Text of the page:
The spare tire has long been a fixture in the car trunk. Should you have a flat on the side of the road, you go to the trunk and pull out your spare and jack. They were in every car -- until recently. According to Consumer Reports, some new cars no long come standard with a spare tire. For drivers in major cities, who have easy access to emergency roadside assistance, this may not be a major issue. In rural areas, where roadside assistance may not be as readily available, spare tires are important though.
Reasons To Ditch Spares
Recent advances in automotive technology have reduced how often drivers get flats. Both the materials used in tires and the methods for tire construction are better than decades ago, so flats are less common. In its article, Consumer Reports notes that drivers average seven years between flat tires. Because flat tires are uncommon, both drivers and auto manufacturers have focused their attention on other issues: cost and fuel mileage. Removing spare tires from cars helps with both of these.
The exact amount an automaker saves by eliminating spare tires from their vehicles depends on the quality of the spare. One manufacturer reportedly saves $22 per vehicle by replacing tires with repair kits, which include a small pump and some sealant. Over the course of one year, that small per-car reduction added up to a savings of $4.4 million for the company.
As far as weight is concerned, the weight of a spare tire might seem insignificant when compare to the total weight of a car. The EPA places the average weight of a passenger tire at 20 pounds. Although small, eliminating these 20 pounds will provide a small boost in fuel economy, since the car's engine has that much less weight to move.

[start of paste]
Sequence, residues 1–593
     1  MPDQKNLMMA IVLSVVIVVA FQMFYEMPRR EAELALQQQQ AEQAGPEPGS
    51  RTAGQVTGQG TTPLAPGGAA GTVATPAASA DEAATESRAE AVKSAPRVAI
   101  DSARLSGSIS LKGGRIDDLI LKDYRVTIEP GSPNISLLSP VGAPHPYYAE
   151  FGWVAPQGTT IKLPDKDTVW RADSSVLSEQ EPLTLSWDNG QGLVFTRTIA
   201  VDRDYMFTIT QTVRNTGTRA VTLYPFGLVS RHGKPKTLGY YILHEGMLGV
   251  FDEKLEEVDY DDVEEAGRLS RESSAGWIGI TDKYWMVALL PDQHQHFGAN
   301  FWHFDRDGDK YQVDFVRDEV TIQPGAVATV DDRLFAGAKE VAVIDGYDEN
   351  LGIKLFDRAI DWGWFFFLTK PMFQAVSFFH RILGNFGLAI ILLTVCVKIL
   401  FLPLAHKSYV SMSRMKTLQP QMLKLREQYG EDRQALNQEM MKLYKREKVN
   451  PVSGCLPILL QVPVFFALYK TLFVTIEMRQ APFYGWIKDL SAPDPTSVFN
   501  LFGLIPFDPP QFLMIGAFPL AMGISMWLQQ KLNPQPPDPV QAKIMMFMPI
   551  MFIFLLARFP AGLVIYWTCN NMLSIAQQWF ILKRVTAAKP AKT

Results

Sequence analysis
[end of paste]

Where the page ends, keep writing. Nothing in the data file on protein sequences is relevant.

In some cases, this difference could actually increase a car's marketed fuel economy by a one full mile per gallon, because the EPA rounds its calculations to the nearest whole number. For example, if a car's fuel economy was 29.499 mpg, removing the spare tire might boost the fuel economy to 29.5001 mpg. The fuel rating people would see when they are looking at this car would increase from 29 (29.4999 rounded down) to 30 (29.5001 rounded up).
Alternatives to Spare Tires
Auto manufacturers that are doing away with spare tires in their vehicles offer drivers three main alternatives for when they get a flat:
All of these alternatives have drawbacks. Roadside assistance is only helpful if you break down in an area with cell phone coverage, which is a concern for rural drivers more than city drivers. Run-flat tires are designed to operate with little air pressure, but only for a short distance. Tire repair kits can fix small punctures, but they are of no use if a tire's sidewall is torn up.
Ultimately, none of these alternatives are as capable as a full-size spare tire. Even a space-saver spare is more versatile than these solutions.
Advantages and Disadvantages
Many automakers have already removed spare tires from some of their vehicles, in order to reduce their costs and boost their car's fuel economy. Many drivers in cities are willing to give up the spare for these advantages, realizing that they have easy access to roadside assistance and tire repair shops should they get a flat.
Drivers in rural areas, however, must decide whether a slight savings and small increase in fuel economy are worth the risk of being stranded in the country. If you drive in areas where cell phone coverage is spotty and the next tire repair shop might be more than 50 miles away, think carefully before buying a car without a spare tire. Should you get a flat on a remote back road, a full-sized spare might be your only hope. The next time you're buying a new car, make sure it has a spare tire for peace of mind.Share
4 March 2015
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